The underlying idea is that by understanding processes, you can control them — this model reflects a command-and-control mindset that doesn't sit too well with modern innovation practice. Throw in the phrase "business agility" and you can already see the flaw in this argument: the concept of an agile process is in itself an oxymoron.

So, should we all pack up and go home, allowing the entropy of the universe to take its course? Of course not. The answer lies in aligning practices with reality, rather than trying to corral reality into some theoretical ideal.

Go to Unpicking the Acronym: Value Stream Management - Part 2

Jon Collins is VP of Research for Gigaom
Share this

Industry News

April 11, 2024

Check Point® Software Technologies Ltd. announced new email security features that enhance its Check Point Harmony Email & Collaboration portfolio: Patented unified quarantine, DMARC monitoring, archiving, and Smart Banners.

April 11, 2024

Automation Anywhere announced an expanded partnership with Google Cloud to leverage the combined power of generative AI and its own specialized, generative AI automation models to give companies a powerful solution to optimize and transform their business.

April 11, 2024

Jetic announced the release of Jetlets, a low-code and no-code block template, that allows users to easily build any technically advanced integration use case, typically not covered by alternative integration platforms.

April 10, 2024

Progress announced new powerful capabilities and enhancements in the latest release of Progress® Sitefinity®.

April 10, 2024

Buildkite signed a multi-year strategic collaboration agreement (SCA) with Amazon Web Services (AWS), the world's most comprehensive and broadly adopted cloud, to accelerate delivery of cloud-native applications across multiple industries, including digital native, financial services, retail or any enterprise undergoing digital transformation.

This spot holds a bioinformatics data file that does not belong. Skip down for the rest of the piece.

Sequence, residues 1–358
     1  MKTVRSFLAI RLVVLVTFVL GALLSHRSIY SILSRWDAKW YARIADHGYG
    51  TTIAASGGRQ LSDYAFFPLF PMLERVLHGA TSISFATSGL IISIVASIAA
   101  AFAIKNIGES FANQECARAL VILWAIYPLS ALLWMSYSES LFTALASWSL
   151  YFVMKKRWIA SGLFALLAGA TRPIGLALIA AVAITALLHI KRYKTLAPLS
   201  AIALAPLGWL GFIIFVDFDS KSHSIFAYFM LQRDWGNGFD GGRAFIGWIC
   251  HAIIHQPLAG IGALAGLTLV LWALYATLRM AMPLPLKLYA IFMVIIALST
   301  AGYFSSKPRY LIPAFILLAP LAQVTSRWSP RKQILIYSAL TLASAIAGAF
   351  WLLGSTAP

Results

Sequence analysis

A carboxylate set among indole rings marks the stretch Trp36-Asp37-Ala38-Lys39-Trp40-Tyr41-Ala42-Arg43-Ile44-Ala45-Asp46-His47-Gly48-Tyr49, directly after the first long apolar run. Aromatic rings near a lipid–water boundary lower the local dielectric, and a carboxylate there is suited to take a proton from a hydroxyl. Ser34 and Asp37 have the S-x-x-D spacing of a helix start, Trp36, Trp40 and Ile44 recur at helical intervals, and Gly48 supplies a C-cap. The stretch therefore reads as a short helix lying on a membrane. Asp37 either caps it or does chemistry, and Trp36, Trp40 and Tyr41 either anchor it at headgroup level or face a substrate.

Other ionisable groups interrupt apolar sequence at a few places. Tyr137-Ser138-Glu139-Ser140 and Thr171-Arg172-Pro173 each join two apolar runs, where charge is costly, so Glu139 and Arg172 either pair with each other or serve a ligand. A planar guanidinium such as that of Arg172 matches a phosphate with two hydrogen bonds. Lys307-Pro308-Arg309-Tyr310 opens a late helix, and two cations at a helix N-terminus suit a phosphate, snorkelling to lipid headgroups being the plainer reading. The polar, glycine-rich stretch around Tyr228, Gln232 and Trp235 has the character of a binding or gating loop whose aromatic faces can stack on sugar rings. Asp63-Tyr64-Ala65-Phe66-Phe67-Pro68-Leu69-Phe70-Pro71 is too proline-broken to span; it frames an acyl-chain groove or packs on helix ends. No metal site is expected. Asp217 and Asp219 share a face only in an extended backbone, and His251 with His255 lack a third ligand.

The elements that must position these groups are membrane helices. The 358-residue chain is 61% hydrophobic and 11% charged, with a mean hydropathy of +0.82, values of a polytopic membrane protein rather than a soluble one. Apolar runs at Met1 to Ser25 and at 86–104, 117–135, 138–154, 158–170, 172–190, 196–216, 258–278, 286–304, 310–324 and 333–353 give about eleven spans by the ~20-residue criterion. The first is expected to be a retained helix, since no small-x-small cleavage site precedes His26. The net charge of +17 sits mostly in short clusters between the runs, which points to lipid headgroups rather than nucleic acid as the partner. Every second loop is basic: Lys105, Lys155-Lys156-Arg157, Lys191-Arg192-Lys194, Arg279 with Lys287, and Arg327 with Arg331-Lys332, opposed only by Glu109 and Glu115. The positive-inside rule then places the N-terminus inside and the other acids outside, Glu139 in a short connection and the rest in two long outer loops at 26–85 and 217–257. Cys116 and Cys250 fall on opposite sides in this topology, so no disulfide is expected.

April 10, 2024

AppViewX announced new functionality in the AppViewX CERT+ certificate lifecycle management automation product that helps organizations prepare for Google’s proposed 90-day TLS certificate validity policy.

April 09, 2024

Rocket Software is addressing the growing demand for integrated security, compliance, and automation in software development with its latest release of Rocket® DevOps, formerly known as Aldon®.

April 09, 2024

Wind River announced the latest release of Wind River Studio Developer, an edge-to-cloud DevSecOps platform that accelerates development, deployment, and operation of mission-critical systems.

April 09, 2024

appCD announced its generative infrastructure from code solution now supports Azure Kubernetes Service (AKS).

April 09, 2024

Synopsys announced the availability of Black Duck® Supply Chain Edition, a new software composition analysis (SCA) offering that enables organizations to mitigate upstream risk in their software supply chains.

April 09, 2024

DataStax announced innovative integrations with API extensions to Google Cloud’s Vertex AI Extension and Vertex AI Search, offering developers an easier time leveraging their own data.

April 08, 2024

Parasoft introduced C/C++test CT, a comprehensive solution tailored for large teams engaged in the development of safety- and security-critical C and C++ products.

April 08, 2024

Endor Labs announced a strategic partnership with GuidePoint Security.

April 08, 2024

Hasura announced the V3 of its platform, providing on-demand API composability with a new domain-centric supergraph modeling framework, a distributed supergraph execution engine and a rich and extensible ecosystem of open source connectors to address the challenges faced during integration of data and APIs.

April 04, 2024

DataStax has entered into a definitive agreement to acquire AI startup, Logspace, the creators of Langflow, an open source visual framework for building retrieval-augmented generation (RAG) applications.1